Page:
Consideration of advertisement opportunities in the video space might offer an answer. I expect that video advertisements won't be like those you see in current TV broadcasts, as they are too easy to zoom past in a TiVo world. Rather, advertisements would be interleaved into the structure of the video, much as TV advertisements increasingly overlay the lower corners of the show you are watching. This won't be removable, as the video content the advertisement overlays simply won't exist in the video stream.
This by itself won't generate $20.00 per video file, though ongoing sale of ad space for the same video content might. This would be possible in Internet-connected DVD players. The exact placement and dimensions of overlayed content would be known by the studio, and they could sell ad updates that would overlay the "burned-in" advertisement. If you watch your movie through a player not connected to the Internet, you will see the burned-in ad. If you watch through an Internet-connected player, you will see the updated advertisement.
Such "ad overlaying" would be possible with digital music as well, and people might voluntarily opt for such updates, as they will get tired of the same burned-in ads fairly quickly.
Is all of this even necessary? Some will point out that DVD DRM protections have been broken for a very long time, and software which can copy DVDs is widely available. In spite of this, DVDs still experience strong sales and constitute a critical part of the revenues studios generate from a movie, easily surpassing the 25% studios typically earn from theaters.
On the other hand, DVD sales growth has slowed dramatically of late, with flat sales last year in the United States and diminishing revenues in Britain and Germany (according to a recent article in the Economist).
Just to keep things balanced, 50% yearly growth rates between 1997 and 2002 probably weren't sustainable, anyway. During that period, people were buying into the DVD ecosystem through purchase of players, leading inexorably to strong DVD sales growth rates. Complaints about slowing growth in a mature market sector probably derives more from a publicly traded company's desire to show growth that justify rising share prices. Making consistent profits isn't good enough. Profits have to GROW if the stock market gambling casino is to continue generating free money.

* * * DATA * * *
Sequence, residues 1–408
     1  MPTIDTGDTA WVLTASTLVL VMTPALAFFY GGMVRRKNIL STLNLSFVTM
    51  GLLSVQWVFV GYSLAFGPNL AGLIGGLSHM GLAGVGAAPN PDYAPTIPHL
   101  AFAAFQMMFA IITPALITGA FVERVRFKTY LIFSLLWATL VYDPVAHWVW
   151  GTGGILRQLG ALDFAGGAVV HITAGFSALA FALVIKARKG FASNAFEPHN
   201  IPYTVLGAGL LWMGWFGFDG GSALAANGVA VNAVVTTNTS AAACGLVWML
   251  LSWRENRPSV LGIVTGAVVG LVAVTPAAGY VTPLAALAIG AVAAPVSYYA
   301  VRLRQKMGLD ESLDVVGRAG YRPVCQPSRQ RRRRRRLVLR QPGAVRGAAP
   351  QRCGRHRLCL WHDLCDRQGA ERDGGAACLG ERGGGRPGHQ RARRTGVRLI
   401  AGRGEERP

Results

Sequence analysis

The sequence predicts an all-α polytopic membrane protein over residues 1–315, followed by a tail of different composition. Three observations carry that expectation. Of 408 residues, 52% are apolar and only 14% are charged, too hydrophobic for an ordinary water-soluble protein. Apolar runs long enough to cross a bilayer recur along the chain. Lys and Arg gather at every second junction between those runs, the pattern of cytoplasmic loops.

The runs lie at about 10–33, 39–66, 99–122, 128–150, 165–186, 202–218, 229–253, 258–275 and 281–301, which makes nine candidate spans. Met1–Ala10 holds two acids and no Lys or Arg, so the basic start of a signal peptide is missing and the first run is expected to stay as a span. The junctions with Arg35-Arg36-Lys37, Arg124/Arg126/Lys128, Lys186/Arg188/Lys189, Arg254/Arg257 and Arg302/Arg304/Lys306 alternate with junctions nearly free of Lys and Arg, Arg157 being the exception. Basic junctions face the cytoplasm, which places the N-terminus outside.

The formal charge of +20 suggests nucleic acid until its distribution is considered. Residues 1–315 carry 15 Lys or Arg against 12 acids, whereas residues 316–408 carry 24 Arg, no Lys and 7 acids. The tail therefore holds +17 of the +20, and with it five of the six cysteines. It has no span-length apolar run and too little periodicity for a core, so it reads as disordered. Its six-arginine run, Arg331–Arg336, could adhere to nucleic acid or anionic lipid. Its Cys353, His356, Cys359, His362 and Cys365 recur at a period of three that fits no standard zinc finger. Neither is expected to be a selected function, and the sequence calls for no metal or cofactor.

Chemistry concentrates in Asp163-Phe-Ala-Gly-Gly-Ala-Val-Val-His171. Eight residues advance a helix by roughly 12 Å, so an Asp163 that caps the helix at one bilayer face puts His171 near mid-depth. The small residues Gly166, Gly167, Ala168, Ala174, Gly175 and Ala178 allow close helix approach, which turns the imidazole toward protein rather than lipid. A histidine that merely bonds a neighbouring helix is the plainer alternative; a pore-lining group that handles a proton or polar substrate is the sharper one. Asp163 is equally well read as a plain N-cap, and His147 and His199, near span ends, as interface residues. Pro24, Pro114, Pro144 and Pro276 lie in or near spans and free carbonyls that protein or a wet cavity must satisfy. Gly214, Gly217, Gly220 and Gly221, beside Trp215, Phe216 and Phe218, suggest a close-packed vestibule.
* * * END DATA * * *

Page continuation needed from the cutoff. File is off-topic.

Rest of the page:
Still, music sales HAVE gone down, and quite dramatically, and that's a market where digital downloads are simple and fast (music files are relatively small). Video downloads take up more space, though even so, it still takes a decent amount of time to download multi-gigabyte video files (though MPEG-4 does an end-run around that somewhat). That protects DVD sales to a certain extent (that and DVD extras, though you can get even these by downloading an entire DVD "package" ripped using DeCSS tools, though that, at least, is something you can't economize through MPEG-4 transcoding). HD discs raise the barrier even more, with typical capacities in the 25-50GB range (HD-DVD discs are almost always dual-layer, and Blu-Ray are increasingly so).
With download speeds typical today, that's like stuffing a chicken through a straw. I experienced the broadband future while working in Geneva, however (download speeds were astoundingly fast at the World Health Organization), and that future will make large file downloads not such a big deal. Perhaps video producers will take the route charted by dinosaurs, opting to grow DVD package sizes ever larger in hopes of staying ahead of widening data pipes.
I doubt they would succeed with that approach, however. Think how long standard definition TVs existed in the market. People aren't going to rush out and buy the "next big thing" in television display systems until holographic projectors put you in the middle of the movie action.
What seems clear in the failure of AACS, however, is that studios will have a heck of a time maintaining the integrity of DRM protections. This leads me to believe that, in future, consumers should expect a heck of a lot more ads.
I'd prefer that wasn't the case, but we consumers aren't cooperating, so studios will get their money where they can.
Ten years down the road, the only way to see a movie ad-free may be in a theater. That stinks, but unless we consumers agree to pay for unprotected content on a regular basis, I don't see an alternative.